Disclaimer: The usage of the word ‘scientist’ is synonymous with ‘technician’, ‘engineer’, ‘mechanic’ and so on. And vice-versa.

I have a few points to add to both these articles, because the biggest difference that lies between the T (thinking) and F (feeling) manifests itself in small things. These articles allow me to present a perfect analysis (or should I say, psychoanalysis) about those engineers, or mechanics, or scientists, who have an above average IQ. They’re just too good with everything mathematical, technological, mechanical. You’ll feel blessed to have them by your side if God forbid, you’re ever stuck in a 3-idiots like pregnancy situation, or when you can’t find a simple solution to a seemingly complex problem. They have their idiosyncrasies, like everyone else, but they evolve in a manner very different from those that chase (pursue) humanities.

As mentioned by some of the students in the abovementioned article, the rat race in the technical institutions unfortunately makes (some of) those intelligent folks think that dealing with pressure and competition is all about eliminating the opponent. It often leads them to ‘logically’ make friends of convenience. Since they hypothesize a lot, and are often wary of being wrong, they tread cautiously in the labs, and in life. But this results in negative tendencies as well. They rationalize every wrong thing that they do, so a sin might translate into ‘mistake’ for them, leaving you wondering if they have any sense of empathy; if they have any moral values at all. [But for their lack of expression, they certainly do (even if their perspectives seem rather offbeat, unconventional)]. They want to get into the premier institutes of the country, but despise being known as ‘nerds’ or ‘geeks’. So they probably end up ‘networking’ so much that they forget who they initially were, and where they came from. They forget that nerds exist in every professional institution, and being nerdy is the new trend. 😛

Both scientists and humanists live in a world of ideas, albeit with a difference. Imagination inside the labs has the potential to make our scientists and technicians seem out of touch with emotions, whereas imagination in the mind for those who read philosophy makes them abstract thinkers. This abstract thinking can often make the humanists lose their way and as a result, they might not be as opinionated as they should be because they tend to deal with all perspectives. The latter are often more broadminded as a result, but sometimes, it may not give them an edge above the scientists, who talk in clear terms about the ‘who’, ‘why’, ‘how’, or ‘what’. The former deal with machines, the latter deal with people. But when it comes to medicine, the former also deal with people. And doctors can be of two kinds: one, who enter the profession only because they truly feel for people; second, those who derive a sadistic pleasure out of watching blood, cut-up head, and all the gory details. A scientist and social scientist can often clash with each other, and may not understand each other’s working styles: the former works towards a materialistic goal, whereas the latter somehow are better able to integrate the need for an income and the need to feel fulfilled. They may never comprehend each other’s way of expression, because they are literally, on different wavelengths.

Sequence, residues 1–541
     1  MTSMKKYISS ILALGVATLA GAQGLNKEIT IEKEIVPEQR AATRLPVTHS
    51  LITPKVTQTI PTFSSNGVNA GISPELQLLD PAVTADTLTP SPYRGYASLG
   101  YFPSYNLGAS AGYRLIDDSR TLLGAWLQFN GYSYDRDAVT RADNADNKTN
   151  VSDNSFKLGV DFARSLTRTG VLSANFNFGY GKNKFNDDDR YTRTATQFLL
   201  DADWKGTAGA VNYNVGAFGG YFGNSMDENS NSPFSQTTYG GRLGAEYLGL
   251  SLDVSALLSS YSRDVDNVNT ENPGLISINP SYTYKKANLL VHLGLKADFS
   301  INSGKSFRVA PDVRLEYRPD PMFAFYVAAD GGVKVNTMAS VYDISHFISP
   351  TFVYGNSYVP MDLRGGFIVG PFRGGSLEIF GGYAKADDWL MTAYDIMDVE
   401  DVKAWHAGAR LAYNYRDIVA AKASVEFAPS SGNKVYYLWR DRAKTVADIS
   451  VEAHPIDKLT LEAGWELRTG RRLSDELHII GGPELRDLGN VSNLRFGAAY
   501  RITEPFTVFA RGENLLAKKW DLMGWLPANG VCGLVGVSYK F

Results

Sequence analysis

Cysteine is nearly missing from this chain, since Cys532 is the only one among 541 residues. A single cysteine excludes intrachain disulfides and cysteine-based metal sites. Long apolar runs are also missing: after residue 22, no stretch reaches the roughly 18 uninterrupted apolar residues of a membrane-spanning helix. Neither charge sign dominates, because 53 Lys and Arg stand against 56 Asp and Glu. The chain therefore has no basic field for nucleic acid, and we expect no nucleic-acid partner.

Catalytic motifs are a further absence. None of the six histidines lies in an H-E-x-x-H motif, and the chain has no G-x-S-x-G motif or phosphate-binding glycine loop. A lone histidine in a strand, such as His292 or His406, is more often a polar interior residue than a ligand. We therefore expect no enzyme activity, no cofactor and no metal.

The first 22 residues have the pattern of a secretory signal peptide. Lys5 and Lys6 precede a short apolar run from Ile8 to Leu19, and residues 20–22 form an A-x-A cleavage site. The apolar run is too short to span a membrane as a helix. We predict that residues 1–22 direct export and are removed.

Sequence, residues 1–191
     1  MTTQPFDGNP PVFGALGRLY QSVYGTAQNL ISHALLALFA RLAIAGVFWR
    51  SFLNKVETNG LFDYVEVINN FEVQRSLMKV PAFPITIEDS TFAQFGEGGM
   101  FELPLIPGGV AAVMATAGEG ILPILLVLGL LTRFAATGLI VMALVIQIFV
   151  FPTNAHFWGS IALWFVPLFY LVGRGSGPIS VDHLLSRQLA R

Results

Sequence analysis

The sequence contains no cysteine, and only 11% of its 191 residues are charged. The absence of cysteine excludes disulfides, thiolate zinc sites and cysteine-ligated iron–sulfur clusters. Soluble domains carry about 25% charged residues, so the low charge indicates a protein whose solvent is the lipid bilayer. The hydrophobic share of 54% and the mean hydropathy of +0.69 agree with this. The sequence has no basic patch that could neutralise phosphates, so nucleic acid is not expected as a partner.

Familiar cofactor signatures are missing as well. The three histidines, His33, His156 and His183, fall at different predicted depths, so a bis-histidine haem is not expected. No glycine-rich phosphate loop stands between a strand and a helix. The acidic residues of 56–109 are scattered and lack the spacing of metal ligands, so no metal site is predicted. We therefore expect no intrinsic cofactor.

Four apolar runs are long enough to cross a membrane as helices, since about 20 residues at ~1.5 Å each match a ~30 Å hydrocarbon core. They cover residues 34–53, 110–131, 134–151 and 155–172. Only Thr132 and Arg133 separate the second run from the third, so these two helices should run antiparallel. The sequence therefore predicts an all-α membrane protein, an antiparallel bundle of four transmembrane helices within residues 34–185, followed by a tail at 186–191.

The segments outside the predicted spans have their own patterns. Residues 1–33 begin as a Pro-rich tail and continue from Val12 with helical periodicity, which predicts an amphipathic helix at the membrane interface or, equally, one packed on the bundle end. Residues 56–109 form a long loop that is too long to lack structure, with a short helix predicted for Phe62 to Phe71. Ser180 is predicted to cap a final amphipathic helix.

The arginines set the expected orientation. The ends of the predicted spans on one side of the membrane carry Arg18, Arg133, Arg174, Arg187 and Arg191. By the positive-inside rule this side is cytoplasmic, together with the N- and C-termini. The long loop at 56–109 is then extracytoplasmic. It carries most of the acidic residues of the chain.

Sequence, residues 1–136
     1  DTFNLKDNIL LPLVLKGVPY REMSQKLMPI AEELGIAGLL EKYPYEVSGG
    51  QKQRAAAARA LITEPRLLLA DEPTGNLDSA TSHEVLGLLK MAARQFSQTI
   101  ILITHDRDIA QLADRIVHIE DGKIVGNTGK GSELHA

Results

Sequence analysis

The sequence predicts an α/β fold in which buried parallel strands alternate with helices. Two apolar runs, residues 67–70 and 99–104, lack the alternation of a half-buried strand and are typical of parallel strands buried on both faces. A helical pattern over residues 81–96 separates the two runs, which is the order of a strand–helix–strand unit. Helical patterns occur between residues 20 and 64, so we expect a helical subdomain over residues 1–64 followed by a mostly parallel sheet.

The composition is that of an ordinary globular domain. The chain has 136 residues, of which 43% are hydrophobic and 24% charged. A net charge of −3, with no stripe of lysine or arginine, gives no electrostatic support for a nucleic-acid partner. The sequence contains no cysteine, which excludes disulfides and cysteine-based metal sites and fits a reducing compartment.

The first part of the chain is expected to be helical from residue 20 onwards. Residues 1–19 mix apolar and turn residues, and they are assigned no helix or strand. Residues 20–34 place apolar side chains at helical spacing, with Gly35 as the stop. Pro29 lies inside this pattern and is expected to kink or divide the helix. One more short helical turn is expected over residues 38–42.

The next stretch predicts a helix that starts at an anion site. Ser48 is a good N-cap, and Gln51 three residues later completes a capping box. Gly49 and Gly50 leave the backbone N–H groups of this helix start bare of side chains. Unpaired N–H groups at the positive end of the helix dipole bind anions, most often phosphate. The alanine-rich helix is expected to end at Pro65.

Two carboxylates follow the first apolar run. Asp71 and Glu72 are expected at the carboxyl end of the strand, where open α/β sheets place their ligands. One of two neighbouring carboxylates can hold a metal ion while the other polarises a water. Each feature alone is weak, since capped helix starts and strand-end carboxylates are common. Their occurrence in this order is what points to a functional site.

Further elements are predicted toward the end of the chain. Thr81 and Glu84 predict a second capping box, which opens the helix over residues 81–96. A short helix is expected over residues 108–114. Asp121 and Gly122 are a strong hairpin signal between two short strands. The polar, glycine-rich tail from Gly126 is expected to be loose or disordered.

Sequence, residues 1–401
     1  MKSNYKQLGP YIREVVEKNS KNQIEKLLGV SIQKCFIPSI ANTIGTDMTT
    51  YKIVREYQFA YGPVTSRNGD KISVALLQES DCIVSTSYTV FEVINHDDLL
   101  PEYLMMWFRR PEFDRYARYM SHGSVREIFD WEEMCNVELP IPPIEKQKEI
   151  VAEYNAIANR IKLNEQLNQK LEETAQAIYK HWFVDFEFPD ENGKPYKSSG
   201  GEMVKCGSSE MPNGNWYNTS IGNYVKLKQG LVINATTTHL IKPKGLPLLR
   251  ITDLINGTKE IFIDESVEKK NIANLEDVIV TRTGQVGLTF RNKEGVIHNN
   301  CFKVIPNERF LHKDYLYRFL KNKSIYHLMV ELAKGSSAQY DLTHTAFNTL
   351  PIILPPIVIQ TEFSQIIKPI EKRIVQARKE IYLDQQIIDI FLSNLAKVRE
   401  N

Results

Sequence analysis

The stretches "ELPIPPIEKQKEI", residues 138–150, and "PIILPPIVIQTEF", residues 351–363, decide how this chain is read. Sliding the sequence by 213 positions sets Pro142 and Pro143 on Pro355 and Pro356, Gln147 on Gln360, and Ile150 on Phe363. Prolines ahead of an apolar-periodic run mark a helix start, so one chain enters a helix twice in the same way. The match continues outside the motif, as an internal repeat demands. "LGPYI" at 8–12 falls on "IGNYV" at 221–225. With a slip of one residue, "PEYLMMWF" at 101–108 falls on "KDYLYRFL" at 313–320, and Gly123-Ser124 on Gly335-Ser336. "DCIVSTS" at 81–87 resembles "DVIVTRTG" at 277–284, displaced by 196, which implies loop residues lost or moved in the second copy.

An engineer or a scientist will always operate with logic, and a humanist will always bring cognitive abilities and empathy to the fore. Both can and must complement each other, for that’s the reason biotechnology and medico-legal fields are flourishing. They can not be isolated from each other. Science is the reason why man has been able to find answers to so many questions, it is the reason why vaccines have been developed for people who are suffering from diseases, the reason why we are able to talk about ‘paternity suits’, about pre-natal diagnostic tests, and so many other things. Humanitarian concern propels scientific research, and this is the most effective combination. I wonder why this combination fails to work at a microcosmic level. Maybe that’s why, there are many lessons to be learned before we truly realise the importance of manufacturing industries, of agricultural engineering, of face transplants and their ability to provide confidence of a lifetime. A lesson shared by all themes is that of the ability to reach out to people not for deriving false pleasure out of momentary popularity, but because we should truly delve deeper for a just cause. But there’s a catch: we need to learn these lessons simultaneously, because why a farmer commits suicide is inextricably linked with issues such as hybrid crops, WTO Regulations etc; why a dengue-stricken person dies in a hospital depends on not only the presence of medication, but also on the management. The links between science and humanities are so obvious that it would be like escaping reality to think that they are separate fields of knowledge. As our IITs have rightly realised, they would do well to marry each other, instead of marring each other.


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